Letter 53

Synopsis of Letter 53

The woman whom Celie had previously met outside the store in town is called Corrine and her husband is called Samuel. Nettie describes the pair as ‘sanctified religious’, members of a black Pentecostal church whose members are devoted to prayer and good works. Samuel preaches in the church and the couple spend a good deal of time on church business.

Nettie discloses that the little girl’s name is Olivia and that the couple also have a little boy called Adam. Although Nettie is glad to have found a safe haven with Corrine and Samuel, she misses Celie and longs to have news of her sister.

Commentary on Letter 53 

Chronologically this letter follows from the last and is written by Nettie a few weeks later.

We do not learn that the little boy, Adam, is also Celie’s child until letter 55 and the significance of his name in the biblical context does not become apparent until later in the narrative, when in letter 87 Celie tells Albert that Africans believe that long before the biblical figure of Adam, the first man created was black.

These short letters from Nettie to Celie sketch in the background of Nettie’s whereabouts. By placing Nettie with a black preacher and his wife, with whom she will later go on a missionary journey to Africa, Walker can explore and reflect the very different world of tribal Africans compared to that of African-Americans. The experience will also introduce Nettie to the idea that God can be found in nature, a belief that is mirrored by Celie’s own experience of God as the narrative develops.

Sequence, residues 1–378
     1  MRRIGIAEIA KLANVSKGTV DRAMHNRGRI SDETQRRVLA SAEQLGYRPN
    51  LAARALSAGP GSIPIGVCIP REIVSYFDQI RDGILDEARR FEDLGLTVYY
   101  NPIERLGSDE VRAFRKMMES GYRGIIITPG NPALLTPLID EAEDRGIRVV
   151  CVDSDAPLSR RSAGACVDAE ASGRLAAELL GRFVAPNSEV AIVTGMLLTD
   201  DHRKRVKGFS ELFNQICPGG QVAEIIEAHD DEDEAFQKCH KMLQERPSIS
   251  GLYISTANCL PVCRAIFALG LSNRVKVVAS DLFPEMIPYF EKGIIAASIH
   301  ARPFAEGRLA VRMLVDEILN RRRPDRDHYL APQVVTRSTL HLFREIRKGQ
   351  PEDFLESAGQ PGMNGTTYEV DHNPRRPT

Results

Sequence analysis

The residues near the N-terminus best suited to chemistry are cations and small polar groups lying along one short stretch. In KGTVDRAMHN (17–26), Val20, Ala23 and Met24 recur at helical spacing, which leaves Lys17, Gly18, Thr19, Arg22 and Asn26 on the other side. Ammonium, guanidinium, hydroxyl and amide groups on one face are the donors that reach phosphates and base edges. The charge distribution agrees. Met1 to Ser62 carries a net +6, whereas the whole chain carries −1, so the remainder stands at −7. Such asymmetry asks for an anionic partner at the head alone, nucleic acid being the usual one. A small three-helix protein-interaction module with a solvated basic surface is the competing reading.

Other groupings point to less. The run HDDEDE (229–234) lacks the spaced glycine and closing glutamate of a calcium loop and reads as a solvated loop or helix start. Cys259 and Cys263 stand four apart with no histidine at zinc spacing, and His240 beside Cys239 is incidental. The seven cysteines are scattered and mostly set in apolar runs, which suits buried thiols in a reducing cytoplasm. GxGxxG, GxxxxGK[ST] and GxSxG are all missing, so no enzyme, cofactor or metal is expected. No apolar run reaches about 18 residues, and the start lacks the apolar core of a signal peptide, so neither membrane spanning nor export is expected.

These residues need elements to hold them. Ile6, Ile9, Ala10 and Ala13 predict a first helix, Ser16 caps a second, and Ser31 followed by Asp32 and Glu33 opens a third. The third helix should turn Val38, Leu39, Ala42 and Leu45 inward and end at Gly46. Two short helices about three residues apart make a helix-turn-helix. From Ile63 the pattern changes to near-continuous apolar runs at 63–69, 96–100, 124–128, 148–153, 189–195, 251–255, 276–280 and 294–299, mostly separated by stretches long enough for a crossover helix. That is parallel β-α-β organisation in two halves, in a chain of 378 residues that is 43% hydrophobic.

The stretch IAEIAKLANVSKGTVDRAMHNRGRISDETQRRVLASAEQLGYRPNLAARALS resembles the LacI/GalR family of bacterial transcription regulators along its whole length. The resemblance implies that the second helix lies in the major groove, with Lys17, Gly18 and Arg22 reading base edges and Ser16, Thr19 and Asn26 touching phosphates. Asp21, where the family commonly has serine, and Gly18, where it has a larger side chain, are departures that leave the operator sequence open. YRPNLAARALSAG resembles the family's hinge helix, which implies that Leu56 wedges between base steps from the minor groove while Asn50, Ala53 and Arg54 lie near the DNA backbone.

Investigating Letter 53

  • ‘I think about the time you laid yourself down for me.’ To what is Nettie referring?
    • This is an echo of John 15:12-13 and John 10:11. What does this allusion add to the power of what Nettie is saying?
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